Joined: Tue Nov 29, 2011 6:39 pm
by Gert van Loo » Thu Dec 29, 2011 1:14 pm
For those of you who are not familiar with IR: The electrical protocol is close to that of a UART (start, data, stop) but with the major difference that the signal is RZ (Return to Zero) and has a narrow pulse width. To forestall the question: No, there is no way to use a standard UART to receive the signal.

So you have to do the receiver in software, keeping exact track of timing of the edges. For this you want an accurate timer to read and after each edge you want to change the interrupt polarity of your GPIO input. For high baud rates you also want fast response to the interrupt otherwise the edge time your are reading is off by too much. Baseline: do-able but requiring a lot of attention to detail when you write the software.
User avatar
Raspberry Pi Engineer & Forum Moderator
Raspberry Pi Engineer & Forum Moderator
Posts: 1988
Joined: Tue Aug 02, 2011 7:27 am
by Warringer » Thu Dec 29, 2011 8:09 pm
How about the boxee remote?

http://blog.boxee.tv/wp-content/uploads/2010/01/Boxee-Box-remote-1024x662.jpg

I plan to use that one on my Media Center Pi.

Anyway, it should be relatively easy to use a cheap microcontroller (ATTiny 13), hook it up to a IR receiver and then transmit the data through the serial RS232 port. You can run everything off the 3.3V line of the Pi...
Posts: 56
Joined: Tue Aug 23, 2011 5:04 pm
by Tomo2k » Thu Dec 29, 2011 8:46 pm
Or even easier, get an existing USB IR receiver. As a bonus, they even come with a remote!

There are plenty of these around, and they just plug into a USB socket of the machine.

(Edit) – Doing a quick Google, I found quite a lot of homebuilt projects you could make if you want to, as well as commercial modules you could buy.
Posts: 126
Joined: Mon Dec 19, 2011 10:00 pm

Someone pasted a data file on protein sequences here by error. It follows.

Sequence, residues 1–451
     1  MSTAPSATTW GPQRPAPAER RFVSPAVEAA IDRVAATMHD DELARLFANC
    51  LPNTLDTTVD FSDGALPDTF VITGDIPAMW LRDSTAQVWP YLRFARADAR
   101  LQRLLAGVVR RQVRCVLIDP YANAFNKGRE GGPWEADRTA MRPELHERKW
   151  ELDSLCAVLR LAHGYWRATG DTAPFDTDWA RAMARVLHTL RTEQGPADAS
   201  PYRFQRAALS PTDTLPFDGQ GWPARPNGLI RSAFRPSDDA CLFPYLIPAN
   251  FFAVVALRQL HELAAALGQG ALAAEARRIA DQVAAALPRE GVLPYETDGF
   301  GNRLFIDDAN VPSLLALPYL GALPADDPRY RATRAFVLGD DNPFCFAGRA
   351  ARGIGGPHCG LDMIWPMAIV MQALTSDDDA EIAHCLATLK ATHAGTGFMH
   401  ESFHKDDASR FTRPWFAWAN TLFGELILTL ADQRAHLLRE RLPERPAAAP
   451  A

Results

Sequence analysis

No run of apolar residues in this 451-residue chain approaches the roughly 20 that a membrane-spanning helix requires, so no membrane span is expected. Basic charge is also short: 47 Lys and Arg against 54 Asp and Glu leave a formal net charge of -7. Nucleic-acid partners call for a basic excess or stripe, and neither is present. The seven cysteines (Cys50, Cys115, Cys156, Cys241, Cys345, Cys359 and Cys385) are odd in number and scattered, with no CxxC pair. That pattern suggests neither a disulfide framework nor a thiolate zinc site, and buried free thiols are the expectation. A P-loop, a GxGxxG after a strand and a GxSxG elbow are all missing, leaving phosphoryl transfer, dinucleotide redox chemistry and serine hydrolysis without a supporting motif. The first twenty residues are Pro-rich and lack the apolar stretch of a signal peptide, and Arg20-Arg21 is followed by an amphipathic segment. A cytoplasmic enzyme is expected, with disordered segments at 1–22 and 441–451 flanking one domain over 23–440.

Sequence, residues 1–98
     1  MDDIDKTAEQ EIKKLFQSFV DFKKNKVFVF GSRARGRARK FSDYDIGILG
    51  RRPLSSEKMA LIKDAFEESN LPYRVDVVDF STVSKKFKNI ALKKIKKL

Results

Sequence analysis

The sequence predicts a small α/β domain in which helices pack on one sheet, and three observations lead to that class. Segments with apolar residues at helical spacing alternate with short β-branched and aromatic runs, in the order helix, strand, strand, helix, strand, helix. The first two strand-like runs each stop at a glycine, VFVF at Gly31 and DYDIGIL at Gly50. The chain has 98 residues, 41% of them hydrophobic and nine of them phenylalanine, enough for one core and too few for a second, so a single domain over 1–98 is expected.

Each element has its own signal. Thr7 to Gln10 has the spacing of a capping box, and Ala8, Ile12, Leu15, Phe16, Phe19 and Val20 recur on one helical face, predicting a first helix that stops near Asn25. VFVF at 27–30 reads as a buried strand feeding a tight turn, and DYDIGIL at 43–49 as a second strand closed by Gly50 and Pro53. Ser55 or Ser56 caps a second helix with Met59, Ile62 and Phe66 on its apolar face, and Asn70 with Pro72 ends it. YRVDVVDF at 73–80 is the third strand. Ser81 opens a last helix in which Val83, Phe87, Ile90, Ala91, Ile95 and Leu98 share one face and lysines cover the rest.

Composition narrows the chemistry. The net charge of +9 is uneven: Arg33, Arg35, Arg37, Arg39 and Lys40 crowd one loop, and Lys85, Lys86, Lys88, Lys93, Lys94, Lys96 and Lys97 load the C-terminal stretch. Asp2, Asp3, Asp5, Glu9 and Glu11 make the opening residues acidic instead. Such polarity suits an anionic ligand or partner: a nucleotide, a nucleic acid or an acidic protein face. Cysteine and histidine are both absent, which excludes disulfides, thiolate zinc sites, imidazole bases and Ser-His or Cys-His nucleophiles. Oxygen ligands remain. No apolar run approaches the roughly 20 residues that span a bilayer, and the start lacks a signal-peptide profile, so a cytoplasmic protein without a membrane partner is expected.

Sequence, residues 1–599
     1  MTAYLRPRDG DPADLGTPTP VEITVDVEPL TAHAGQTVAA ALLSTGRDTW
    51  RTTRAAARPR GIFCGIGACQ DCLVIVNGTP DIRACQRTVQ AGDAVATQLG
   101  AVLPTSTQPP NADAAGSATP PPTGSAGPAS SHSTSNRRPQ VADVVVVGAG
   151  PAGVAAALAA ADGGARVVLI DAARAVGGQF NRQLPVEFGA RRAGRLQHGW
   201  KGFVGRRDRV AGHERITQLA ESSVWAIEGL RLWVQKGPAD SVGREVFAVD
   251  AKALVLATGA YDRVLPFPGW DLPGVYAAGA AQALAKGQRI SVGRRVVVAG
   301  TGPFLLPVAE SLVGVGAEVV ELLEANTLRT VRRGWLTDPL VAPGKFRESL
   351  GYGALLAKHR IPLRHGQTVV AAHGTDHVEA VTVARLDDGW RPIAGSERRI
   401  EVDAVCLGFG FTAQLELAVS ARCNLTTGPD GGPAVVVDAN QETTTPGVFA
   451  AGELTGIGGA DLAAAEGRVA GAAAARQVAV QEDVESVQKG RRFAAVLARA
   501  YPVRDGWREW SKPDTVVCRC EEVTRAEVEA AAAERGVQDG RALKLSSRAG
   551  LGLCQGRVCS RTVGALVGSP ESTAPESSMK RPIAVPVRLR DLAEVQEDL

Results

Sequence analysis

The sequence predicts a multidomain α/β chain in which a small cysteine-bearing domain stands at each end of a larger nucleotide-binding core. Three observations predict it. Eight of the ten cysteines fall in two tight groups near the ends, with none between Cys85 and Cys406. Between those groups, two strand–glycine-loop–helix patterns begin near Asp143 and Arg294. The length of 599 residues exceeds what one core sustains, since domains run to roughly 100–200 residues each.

by farooqhasny » Sat Jan 28, 2012 4:34 pm
Gert said:


For those of you who are not familiar with IR: The electrical protocol is close to that of a UART (start, data, stop) but with the major difference that the signal is RZ (Return to Zero) and has a narrow pulse width. To forestall the question: No, there is no way to use a standard UART to receive the signal.

So you have to do the receiver in software, keeping exact track of timing of the edges. For this you want an accurate timer to read and after each edge you want to change the interrupt polarity of your GPIO input. For high baud rates you also want fast response to the interrupt otherwise the edge time your are reading is off by too much. Baseline: do-able but requiring a lot of attention to detail when you write the software.


Fist of all thanks for correcting me that ir Receiver cant be connected on Rx input of serial port .i did some reading after this replay ... and found out that LIRC project includes a GPIO interrupt driven input driver lirc_gpio(http://www.lirc.org/html/install.html) . since we have some GPIOs available with interrupts . A IR reciever like TSOP 1738  (http://www.lirc.org/receivers.html) can directly be connected without any other components . i am insisting on this method over USB cause it will be the cheapest and smallest. and a version of RBP can be introduce with out any change to basic design as a video player and can be sell at a higher price to produce more revenue to support the actual cause